Satisfying basic needs is an imperative. Ignoring them, will intensify the assault on human survival.






Real Exchange

Beyond the fiat currency to the promise of coherent policies, digital accounts & policy traction without invasion of privacy - Part 1.




The UK's policy-induced pauperism - a note





Jung and the inflationary Jungle




Bretton Woods in retrospect





On life, loves, sense and economists




The critical issue of absorptive capacity



Economics, the dilemma of conscience





Raising real issues .. but solutions?







Economics is physics


In a recent lecture series, Mark Carney stated that "Economics is not physics".

He should have said "Monetary policy is not physics" and thereby admit that it remains unrelated to the real economy whose operation is largely based on physical phenomena and relationships.


Not all assets are an asset


The core economic assets of natural resources, human resources capital and innovation have long been sidelined.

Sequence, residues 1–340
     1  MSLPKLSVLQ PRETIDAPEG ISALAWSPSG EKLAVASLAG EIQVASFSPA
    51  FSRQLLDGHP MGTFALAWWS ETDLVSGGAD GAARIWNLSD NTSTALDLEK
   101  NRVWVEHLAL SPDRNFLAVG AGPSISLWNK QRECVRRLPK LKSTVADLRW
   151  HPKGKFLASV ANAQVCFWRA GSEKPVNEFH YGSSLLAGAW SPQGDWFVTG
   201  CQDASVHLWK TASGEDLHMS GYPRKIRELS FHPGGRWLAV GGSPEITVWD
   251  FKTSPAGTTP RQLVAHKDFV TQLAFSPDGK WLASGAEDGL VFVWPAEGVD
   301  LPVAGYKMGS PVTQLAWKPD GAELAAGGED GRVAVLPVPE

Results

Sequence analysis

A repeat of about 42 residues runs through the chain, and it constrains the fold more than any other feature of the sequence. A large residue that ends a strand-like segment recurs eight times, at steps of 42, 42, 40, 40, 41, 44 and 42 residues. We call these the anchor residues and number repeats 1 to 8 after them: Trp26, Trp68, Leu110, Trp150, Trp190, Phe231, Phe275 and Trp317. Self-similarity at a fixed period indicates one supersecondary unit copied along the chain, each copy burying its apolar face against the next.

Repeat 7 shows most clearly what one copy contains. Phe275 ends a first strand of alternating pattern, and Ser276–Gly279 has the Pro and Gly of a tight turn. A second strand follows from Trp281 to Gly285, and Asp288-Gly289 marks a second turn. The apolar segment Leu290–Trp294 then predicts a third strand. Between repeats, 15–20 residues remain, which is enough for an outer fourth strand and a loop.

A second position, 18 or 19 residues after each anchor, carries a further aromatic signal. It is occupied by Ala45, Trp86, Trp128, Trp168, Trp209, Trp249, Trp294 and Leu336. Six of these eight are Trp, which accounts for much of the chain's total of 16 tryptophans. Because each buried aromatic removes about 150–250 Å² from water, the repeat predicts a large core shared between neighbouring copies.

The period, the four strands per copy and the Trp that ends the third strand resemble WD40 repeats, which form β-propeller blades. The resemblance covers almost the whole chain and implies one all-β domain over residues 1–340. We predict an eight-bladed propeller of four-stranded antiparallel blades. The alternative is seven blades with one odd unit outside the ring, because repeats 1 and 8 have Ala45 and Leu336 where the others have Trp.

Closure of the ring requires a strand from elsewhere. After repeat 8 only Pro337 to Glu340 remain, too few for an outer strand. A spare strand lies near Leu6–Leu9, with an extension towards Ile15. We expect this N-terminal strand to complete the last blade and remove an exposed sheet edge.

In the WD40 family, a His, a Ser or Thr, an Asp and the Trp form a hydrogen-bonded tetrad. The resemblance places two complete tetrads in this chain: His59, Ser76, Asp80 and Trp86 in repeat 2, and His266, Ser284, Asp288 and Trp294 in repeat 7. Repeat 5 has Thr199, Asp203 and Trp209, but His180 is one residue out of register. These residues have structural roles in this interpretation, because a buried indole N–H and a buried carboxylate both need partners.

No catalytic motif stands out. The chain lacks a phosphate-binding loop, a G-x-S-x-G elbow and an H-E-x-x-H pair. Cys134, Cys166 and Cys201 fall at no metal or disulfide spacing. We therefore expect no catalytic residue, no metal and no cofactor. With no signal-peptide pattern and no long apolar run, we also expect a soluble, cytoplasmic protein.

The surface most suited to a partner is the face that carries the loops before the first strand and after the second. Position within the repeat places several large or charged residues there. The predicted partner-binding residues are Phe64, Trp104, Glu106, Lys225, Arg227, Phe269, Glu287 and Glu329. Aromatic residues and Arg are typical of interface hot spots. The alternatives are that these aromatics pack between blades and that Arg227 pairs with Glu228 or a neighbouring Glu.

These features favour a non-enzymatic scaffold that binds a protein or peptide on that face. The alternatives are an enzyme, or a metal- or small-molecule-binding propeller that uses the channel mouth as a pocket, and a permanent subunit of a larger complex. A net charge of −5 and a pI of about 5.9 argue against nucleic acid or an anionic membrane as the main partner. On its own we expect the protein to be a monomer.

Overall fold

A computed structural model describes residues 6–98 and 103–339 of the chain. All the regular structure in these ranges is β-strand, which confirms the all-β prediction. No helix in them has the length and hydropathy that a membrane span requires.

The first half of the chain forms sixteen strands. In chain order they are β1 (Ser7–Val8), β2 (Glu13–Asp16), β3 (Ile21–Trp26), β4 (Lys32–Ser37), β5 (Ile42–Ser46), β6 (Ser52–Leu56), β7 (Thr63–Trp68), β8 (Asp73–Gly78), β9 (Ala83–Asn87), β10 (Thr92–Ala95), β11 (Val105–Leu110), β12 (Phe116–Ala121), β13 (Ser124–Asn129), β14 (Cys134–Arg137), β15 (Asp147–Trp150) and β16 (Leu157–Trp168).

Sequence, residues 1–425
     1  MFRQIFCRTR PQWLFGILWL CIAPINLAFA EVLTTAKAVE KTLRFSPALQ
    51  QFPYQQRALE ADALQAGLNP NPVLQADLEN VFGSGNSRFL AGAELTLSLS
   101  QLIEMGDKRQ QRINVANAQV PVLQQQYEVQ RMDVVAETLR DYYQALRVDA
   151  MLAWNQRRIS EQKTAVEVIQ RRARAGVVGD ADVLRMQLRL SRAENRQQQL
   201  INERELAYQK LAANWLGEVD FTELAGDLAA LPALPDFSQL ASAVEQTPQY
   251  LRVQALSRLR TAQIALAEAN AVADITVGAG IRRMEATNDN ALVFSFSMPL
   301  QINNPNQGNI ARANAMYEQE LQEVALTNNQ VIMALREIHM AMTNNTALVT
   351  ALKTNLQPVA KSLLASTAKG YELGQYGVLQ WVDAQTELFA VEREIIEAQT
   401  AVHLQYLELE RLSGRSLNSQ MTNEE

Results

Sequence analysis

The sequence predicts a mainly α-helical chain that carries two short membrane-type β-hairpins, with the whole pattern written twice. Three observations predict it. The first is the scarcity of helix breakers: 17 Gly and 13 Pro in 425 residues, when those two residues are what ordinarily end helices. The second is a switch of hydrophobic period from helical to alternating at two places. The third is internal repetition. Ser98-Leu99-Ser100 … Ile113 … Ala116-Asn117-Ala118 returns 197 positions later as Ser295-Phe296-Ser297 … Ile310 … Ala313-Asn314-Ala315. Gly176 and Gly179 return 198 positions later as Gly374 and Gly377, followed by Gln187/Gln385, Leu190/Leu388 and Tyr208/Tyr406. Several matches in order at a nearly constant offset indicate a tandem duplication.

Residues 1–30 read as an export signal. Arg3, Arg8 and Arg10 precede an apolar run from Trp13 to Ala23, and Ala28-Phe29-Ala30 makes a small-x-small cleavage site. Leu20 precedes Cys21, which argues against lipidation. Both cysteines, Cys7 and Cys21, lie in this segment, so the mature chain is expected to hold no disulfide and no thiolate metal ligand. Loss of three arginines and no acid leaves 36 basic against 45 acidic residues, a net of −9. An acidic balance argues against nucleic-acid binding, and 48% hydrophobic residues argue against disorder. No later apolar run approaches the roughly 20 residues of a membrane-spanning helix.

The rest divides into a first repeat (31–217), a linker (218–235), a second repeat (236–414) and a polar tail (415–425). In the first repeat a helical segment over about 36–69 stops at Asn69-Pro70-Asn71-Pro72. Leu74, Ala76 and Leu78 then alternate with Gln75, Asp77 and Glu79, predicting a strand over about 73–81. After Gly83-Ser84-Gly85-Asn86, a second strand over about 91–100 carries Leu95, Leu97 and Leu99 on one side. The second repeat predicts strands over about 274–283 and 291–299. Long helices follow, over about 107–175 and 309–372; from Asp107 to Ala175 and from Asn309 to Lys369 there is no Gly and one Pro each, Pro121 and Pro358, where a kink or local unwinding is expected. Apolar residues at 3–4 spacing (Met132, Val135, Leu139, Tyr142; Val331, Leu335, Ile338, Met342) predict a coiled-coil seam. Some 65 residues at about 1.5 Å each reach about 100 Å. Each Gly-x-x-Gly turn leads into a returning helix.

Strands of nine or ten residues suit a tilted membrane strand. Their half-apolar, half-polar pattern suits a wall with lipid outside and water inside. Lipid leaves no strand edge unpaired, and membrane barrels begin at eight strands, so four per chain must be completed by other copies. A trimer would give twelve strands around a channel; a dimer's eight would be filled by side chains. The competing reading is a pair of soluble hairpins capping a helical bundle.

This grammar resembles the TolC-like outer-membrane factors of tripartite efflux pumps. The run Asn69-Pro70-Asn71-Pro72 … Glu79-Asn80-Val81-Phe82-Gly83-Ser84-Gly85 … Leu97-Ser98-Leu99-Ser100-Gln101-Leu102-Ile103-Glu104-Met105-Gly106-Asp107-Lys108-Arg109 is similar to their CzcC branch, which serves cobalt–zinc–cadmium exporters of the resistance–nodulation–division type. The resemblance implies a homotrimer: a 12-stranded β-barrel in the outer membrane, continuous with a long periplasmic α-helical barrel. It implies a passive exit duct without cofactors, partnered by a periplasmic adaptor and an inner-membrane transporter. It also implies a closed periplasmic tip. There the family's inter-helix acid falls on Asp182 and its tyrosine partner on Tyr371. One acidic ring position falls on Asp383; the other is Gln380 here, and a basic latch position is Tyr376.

Monetary policy gripped by financialization and quantiative easing has focused on the promotion of inflation in the values of less vital assets from the standopiint of our long term survival...





...but what about financialization & QE?





More to Say - Part 2

A century of encapsulation & economic disintegration 1920-2020



Jean Baptiste Say
17671832


Analysis of the destruction of the Say model reveals more about the unsound nature of monetary theory and its destabilizing leakages in practice.







A Real Money Theory II

- The Real Money Theory (RMT) substitute of the QTM and has been updated to include offshore monetary flows. Offshore investment is an additional omission from the monetary identity The Quantity Theory of Money (QTM).




Jean Baptiste Say
17671832
More to Say - Part 1 1920-1975
A note



... or why "conventional" policies have destabilized the economy and thereby intensified social divisions in the UK constituency







Leading issues in development economics

... we have come full-circle from a country that led the industrial revolution to one requiring a development economic model and abandonment of coventional macroeconomics



Why the International Monetary Fund is in a hurry to become the International Digital Monetary Fund








Alleviating the Covid-19 economic hardships through DxCs